Microarray-based gene expression analysis. Total high-quality RNA (10 μg) was transcribed and labeled, and U133A chips were hybridized and scanned according to the standard protocol recommended by Affymetrix. GeneSpring was then used to perform fold-change restriction analyses on the filtered lists.
Immunoblotting. Standard Western blotting procedures were performed, as previously described (23).
Immunohistochemistry. Paraffin-embedded, formalin-fixed tissue sections were subjected to staining procedures, as described elsewhere (24).
Cell growth assays. Cell proliferation was measured by either cell counting or 3-(4,5-dimethylthiazol-2-yl)-2,5-diphenyltetrazolium bromide (MTT) assays, as described previously (23).
Cell adhesion and migration assays. Cell adhesion and migration (Boyden Chamber) assays were performed, as previously described (25).
Colony-formation assay. Colony formation in soft agar was conducted, as described previously (23).
Recombinant lentiviruses. Lentiviral vectors were constructed for gene transfer, viral particles were produced, and cell infections were performed, as previously described (23).
Immunofluorescence microscopy. Primary human melanocytes were seeded onto glass coverslips in 12-well plates and incubated overnight. Cells were then fixed in 4% formaldehyde solution and stained using appropriate primary and secondary antibodies.
Chromatin immunoprecipitation assay. Chromatin immunoprecipitation (ChIP) was performed using ChIP assay kits (Upstate Biotechnology) following the manufacturer's recommendations.
Statistical analyses. Data (from triplicate experiments) are presented as mean ± SD and were analyzed by two-tailed Student's t test. A P value of <0.05 was considered significant.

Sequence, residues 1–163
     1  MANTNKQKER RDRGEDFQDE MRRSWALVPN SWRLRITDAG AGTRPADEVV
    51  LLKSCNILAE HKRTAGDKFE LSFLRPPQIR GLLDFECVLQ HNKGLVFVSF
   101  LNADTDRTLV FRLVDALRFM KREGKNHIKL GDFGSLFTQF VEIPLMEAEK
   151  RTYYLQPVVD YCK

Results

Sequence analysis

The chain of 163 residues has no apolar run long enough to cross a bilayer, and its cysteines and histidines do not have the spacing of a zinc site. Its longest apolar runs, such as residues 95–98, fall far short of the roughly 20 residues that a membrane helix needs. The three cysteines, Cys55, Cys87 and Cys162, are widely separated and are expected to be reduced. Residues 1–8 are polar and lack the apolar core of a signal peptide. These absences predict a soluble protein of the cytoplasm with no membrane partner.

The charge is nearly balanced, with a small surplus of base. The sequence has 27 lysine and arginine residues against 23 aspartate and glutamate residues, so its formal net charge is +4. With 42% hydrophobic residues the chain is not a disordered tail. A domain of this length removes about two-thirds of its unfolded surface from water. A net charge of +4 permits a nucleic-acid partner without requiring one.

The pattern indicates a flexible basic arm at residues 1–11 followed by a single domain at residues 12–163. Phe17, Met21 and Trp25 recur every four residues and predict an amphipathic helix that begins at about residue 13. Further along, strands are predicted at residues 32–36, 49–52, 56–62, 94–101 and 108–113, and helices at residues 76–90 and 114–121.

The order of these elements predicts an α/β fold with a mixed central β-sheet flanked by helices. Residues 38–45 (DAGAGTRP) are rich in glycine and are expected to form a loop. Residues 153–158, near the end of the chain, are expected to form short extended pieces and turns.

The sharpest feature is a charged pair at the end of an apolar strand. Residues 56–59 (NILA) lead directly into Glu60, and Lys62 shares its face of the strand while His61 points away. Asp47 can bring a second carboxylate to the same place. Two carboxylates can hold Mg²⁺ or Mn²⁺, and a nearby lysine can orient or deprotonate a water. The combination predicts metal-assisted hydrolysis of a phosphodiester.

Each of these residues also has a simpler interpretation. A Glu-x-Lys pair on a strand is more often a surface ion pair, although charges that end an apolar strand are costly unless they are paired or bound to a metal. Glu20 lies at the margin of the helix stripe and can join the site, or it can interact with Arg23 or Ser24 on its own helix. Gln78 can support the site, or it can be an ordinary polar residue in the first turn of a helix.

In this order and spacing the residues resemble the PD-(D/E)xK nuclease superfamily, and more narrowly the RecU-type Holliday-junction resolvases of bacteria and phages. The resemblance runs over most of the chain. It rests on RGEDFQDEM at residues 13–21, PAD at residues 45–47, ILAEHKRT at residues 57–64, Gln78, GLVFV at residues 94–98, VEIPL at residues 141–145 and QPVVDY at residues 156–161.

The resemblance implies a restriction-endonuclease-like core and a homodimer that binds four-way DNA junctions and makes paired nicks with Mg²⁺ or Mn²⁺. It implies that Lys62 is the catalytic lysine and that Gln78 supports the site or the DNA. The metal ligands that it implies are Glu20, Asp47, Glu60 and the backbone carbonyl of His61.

The Notch signaling pathway is activated in human melanoma compared with primary human melanocytes. To assess the potential role of Notch signaling in human melanocytic transformation, the activation status of the Notch pathway was assayed through several approaches. Using an antibody against activated Notch1, immunohistochemical staining was performed on the samples of melanoma patients (Fig. 1A). Active Notch1 staining colocalized with that of HMB45, a marker for cells of melanocytic origin. Normal tissues immediately adjacent to the lesion did not stain positively for active Notch1 (Fig. 1A,, far right). Quantitative RT-PCR was performed on RNA from fresh melanoma lesions and established cell lines to determine levels of Notch1 expression (Fig. 1B); from 9 lesions and 14 cell lines, every sample tested expressed at least 5-fold more Notch1 than the representative primary human melanocytic control. The expression of Notch target genes in laser-microdissected melanoma lesions, melanoma cell lines, and melanocyte cell lines showed that Hes1 and Hey1, but not Hey2, were dramatically up-regulated in both melanoma tissue and cell lines when compared with primary melanocytes (Fig. 1C,, top). Microarray analyses on a panel of melanoma cell lines displayed similar patterns of gene expression (Fig. 1C,, bottom). RT-PCR analysis confirmed these data, as Notch-target transcripts were elevated in melanoma lines when compared with melanocytes (data not shown). Immunoblots depicted absent or low levels of the activated Notch1 protein in melanocytes but higher levels in melanoma lines, suggesting that the Notch signaling pathway is only active in malignant cells (Fig. 1D).